spend the money on brakes and handling that'll improve your cars performance far more significantly.

If you must get more power then a loud straighthrough exhaust and a cat bypass pipe will get the last out of it and make the thing sound a whole lot quicker too.

I wouldnt dump the VVC. you are looking at serious money to get anything more out of it. concentrate on the things that make it really faster. Brakes tyres, bushes suspension etc

I don't understand something.
Why do I have to get rid of the VVC meganism?
It's possible of tuning an B18A DOHC engine (Honda VTEC) to 650 bhp with remaining the VTEC system.
The VVC system isn't that different, I thought..?

By the way, the engine isn't the only thing I've modified.
For anyone who's interested...

- Car restyled and partly resprayed
- Trophy style front spoiler
- Polished stainless steel grilles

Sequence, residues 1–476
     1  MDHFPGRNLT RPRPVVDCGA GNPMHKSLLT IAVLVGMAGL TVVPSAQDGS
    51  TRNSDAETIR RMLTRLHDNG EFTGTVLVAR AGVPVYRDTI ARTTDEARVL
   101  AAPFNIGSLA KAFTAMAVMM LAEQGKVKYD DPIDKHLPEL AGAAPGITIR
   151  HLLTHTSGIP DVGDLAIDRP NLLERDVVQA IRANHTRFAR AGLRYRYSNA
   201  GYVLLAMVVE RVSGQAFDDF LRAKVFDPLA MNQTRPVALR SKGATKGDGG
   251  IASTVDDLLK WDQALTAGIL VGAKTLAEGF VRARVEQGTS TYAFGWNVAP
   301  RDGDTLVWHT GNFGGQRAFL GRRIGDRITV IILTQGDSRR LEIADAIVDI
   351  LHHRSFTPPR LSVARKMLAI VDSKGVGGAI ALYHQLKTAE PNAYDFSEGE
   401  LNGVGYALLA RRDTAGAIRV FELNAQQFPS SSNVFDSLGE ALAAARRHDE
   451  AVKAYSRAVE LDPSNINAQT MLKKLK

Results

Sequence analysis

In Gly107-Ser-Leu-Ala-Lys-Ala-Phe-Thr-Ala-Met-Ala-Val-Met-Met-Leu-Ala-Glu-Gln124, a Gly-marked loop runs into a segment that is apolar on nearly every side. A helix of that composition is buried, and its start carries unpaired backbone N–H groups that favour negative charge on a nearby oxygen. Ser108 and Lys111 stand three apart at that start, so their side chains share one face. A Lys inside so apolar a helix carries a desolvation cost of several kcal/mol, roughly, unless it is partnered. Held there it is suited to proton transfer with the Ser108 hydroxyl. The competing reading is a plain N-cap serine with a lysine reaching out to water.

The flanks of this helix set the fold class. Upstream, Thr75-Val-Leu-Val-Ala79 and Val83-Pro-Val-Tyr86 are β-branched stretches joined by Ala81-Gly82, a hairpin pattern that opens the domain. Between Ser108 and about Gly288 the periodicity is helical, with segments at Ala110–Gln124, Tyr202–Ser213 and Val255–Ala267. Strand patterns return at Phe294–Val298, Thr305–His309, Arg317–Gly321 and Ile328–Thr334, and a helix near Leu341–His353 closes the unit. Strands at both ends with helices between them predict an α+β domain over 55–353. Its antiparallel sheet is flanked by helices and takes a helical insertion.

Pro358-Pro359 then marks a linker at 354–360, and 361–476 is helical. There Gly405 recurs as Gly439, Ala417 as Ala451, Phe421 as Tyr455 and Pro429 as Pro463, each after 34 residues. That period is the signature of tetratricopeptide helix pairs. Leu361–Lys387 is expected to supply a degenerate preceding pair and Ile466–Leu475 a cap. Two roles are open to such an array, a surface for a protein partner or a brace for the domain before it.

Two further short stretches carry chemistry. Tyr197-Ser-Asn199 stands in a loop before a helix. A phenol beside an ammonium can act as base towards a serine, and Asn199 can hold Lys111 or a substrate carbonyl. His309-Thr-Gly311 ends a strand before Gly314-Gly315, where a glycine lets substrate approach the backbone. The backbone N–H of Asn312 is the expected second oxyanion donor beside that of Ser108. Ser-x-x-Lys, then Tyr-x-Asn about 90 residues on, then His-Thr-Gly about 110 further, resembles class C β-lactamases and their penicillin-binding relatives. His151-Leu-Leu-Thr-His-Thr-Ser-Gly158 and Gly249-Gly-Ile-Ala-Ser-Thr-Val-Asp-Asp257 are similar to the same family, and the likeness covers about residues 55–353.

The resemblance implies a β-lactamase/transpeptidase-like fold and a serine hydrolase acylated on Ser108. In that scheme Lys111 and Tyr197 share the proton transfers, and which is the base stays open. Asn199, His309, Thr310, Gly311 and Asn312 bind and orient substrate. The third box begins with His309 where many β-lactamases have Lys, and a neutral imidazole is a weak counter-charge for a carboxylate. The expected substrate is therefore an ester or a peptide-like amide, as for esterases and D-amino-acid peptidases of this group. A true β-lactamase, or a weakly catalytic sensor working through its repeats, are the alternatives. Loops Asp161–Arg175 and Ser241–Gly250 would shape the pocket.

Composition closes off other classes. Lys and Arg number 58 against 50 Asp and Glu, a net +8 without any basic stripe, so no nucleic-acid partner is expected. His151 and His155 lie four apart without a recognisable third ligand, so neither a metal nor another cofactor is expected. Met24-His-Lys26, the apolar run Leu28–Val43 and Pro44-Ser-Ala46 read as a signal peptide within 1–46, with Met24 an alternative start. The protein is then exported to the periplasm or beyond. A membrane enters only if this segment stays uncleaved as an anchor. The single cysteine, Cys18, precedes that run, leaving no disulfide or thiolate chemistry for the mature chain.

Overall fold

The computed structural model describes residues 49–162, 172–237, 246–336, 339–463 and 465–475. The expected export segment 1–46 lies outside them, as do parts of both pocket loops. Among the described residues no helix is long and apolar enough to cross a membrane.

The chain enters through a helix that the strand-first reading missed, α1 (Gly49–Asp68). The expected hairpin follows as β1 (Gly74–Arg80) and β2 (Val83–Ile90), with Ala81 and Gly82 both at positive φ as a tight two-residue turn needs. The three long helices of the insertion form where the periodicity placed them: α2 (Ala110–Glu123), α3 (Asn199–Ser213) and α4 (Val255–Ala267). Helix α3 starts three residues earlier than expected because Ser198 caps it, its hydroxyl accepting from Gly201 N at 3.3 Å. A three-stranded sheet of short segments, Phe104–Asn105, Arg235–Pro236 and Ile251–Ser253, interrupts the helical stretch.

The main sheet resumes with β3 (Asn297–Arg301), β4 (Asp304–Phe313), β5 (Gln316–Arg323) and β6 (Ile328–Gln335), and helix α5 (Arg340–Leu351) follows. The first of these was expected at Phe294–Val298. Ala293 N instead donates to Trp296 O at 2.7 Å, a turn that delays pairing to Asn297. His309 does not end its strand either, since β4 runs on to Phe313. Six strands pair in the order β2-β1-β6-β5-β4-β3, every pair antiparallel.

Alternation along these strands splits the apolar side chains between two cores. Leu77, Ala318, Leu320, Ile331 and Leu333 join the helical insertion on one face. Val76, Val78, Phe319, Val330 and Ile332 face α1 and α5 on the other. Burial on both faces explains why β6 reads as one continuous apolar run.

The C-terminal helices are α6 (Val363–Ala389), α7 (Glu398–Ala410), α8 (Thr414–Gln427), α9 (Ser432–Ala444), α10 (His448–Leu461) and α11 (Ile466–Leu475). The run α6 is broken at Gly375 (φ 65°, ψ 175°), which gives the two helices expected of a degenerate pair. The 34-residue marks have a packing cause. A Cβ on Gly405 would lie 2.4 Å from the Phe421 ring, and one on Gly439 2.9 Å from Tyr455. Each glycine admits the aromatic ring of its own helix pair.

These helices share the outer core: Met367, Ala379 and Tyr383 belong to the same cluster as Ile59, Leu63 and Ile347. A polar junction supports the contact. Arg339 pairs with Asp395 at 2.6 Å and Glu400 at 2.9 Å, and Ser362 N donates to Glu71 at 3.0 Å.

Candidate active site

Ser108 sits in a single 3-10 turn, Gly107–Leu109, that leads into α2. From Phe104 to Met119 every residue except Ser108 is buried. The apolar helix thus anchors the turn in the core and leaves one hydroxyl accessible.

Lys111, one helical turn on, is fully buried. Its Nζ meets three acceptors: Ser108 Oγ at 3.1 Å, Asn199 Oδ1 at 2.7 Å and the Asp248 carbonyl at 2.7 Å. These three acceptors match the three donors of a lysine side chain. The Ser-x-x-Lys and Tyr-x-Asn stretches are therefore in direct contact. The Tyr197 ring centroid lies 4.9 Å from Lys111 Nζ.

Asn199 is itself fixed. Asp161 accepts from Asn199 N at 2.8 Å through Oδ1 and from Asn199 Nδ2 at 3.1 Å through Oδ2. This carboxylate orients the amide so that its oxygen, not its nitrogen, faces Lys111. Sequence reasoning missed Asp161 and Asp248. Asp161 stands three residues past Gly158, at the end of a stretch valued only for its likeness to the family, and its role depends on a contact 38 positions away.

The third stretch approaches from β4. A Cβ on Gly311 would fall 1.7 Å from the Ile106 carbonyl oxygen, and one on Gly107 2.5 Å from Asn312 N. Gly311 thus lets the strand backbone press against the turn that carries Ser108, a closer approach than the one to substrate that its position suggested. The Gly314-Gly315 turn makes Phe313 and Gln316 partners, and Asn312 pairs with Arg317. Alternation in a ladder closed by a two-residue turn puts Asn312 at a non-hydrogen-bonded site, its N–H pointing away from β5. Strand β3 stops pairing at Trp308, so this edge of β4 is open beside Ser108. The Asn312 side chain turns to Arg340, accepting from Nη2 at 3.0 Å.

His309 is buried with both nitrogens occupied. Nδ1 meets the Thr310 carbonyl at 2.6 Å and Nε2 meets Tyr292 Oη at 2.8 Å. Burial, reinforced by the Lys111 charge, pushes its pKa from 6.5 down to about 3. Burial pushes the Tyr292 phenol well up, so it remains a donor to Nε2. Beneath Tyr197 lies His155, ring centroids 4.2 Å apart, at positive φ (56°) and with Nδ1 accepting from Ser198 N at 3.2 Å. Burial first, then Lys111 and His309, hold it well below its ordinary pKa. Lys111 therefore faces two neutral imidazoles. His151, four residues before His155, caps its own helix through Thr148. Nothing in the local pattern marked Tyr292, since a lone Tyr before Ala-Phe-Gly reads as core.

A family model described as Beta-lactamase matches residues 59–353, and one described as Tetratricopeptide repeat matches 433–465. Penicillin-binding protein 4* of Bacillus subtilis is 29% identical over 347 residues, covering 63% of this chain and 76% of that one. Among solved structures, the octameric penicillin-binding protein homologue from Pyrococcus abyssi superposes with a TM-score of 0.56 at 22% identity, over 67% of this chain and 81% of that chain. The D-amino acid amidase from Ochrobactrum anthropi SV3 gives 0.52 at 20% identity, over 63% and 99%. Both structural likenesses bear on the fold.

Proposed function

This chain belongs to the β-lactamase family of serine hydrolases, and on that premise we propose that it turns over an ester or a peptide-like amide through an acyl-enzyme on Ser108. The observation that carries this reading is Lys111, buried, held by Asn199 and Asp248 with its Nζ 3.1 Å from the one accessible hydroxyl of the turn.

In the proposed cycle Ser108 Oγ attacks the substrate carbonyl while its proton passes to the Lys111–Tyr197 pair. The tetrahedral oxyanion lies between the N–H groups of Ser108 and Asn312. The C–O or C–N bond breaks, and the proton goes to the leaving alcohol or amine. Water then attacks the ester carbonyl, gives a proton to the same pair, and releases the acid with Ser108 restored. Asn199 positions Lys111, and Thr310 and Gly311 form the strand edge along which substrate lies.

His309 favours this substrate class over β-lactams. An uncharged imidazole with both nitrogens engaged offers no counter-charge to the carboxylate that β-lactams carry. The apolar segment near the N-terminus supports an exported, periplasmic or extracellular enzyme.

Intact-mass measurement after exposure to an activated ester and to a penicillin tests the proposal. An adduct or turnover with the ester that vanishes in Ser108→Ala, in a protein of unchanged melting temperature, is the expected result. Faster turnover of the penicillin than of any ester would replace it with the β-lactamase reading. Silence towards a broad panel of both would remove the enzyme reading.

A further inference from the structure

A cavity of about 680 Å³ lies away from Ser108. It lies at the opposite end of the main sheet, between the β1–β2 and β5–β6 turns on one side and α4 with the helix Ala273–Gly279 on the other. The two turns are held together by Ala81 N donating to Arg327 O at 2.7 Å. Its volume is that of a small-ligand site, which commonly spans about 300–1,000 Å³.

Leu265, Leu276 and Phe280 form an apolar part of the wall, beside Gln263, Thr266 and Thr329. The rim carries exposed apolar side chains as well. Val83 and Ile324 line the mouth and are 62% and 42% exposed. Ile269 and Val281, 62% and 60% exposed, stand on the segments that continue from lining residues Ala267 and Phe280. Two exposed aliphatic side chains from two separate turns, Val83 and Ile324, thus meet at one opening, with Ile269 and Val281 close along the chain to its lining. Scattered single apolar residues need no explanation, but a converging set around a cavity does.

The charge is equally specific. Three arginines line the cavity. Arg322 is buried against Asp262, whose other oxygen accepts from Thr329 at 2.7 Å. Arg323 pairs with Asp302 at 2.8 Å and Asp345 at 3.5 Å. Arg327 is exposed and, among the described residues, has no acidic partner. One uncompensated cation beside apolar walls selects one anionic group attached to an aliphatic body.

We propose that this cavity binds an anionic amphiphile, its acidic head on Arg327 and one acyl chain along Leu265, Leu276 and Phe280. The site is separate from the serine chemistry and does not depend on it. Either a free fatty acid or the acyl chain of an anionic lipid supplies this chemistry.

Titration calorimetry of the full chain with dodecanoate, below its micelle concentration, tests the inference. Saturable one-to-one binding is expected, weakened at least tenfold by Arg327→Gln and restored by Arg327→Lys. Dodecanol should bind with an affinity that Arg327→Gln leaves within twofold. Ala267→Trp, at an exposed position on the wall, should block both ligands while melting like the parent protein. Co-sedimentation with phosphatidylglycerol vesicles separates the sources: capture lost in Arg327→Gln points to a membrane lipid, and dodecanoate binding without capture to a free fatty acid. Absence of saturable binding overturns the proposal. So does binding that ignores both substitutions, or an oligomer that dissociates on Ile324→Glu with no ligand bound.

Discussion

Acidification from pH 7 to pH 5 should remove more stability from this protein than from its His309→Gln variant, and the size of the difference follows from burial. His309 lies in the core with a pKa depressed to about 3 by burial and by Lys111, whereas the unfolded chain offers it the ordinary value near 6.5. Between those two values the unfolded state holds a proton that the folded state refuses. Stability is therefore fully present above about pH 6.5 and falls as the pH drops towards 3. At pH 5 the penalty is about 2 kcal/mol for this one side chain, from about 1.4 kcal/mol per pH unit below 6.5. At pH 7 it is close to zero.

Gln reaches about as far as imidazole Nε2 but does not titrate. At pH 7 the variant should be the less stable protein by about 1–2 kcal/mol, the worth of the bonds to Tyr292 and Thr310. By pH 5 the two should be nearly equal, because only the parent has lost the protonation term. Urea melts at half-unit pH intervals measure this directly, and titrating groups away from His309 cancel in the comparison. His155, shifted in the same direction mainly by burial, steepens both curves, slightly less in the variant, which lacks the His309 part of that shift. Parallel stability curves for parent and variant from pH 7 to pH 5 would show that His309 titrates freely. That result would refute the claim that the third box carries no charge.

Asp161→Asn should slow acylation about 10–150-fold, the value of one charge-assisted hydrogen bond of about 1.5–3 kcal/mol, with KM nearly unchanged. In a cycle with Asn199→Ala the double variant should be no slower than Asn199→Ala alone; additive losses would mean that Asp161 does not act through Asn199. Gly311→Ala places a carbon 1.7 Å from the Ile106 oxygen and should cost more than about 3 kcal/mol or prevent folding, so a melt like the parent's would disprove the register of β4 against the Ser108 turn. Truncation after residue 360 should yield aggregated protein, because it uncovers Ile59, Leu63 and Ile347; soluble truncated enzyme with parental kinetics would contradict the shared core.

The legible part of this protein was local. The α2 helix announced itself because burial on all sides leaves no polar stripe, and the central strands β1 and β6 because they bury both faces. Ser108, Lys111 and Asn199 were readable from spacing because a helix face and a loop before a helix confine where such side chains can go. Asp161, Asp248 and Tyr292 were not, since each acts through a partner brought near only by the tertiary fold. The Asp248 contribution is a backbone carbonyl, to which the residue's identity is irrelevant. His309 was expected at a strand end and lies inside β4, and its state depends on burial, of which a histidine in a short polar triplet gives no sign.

- Polished stainless steel aerial
- Smoke side and front repeaters
- Red/smoke rearlights
- High level stop light
- 40 mm lowered suspensions
- Union jack labels
- Titan-wood dashboard
- Tenzo Racingsports Pro 5" Tach White
- MOMO gear knob
- Polished stainless steel door tread plates
- Alloy door button escutcheons
- Windbreak screen
- MG badged rubber mats
- Removed wheelarch rubbers
- Custom made alloy spacers 25 mm
- 17" Avalini Jet rims
- Toyo Proxes T1S Tires 205-40-17
- MG tire valve caps
- Original MG-F VVC rims for the winterdays
- Black hardtop for the winterdays

- Complete revised engine
- Ported and gas-flowed cylinder head
- Portmatched intake and exhaust ports to manifolds
- Chamber cc-ing job
- Skimmed and resurfaced cylinder head
- Painted valve cover
- Blue performance hoses
- K&N 57i air-inductionkit
- Tenzo Racingsports intake pipes
- Small K&N filter
- Magnecor competition ignition leads
- Splitfire Premium spark plugs.
- Super Sports exhaust MkII
- Cat by-pass pipe
- EBC green stuff brake pads
- EBC front turbo grooved brake discs

- Enough to make a lot of noise :-).

Lester side-skirts are ready to be placed now.
The Pro 5" Tach should be connected well soon.

VVC is quite different to the Honda VTEC Jan, insofar as it isn't a case of two separate cam profiles coming in at different rpm: the VVC is continuously variable.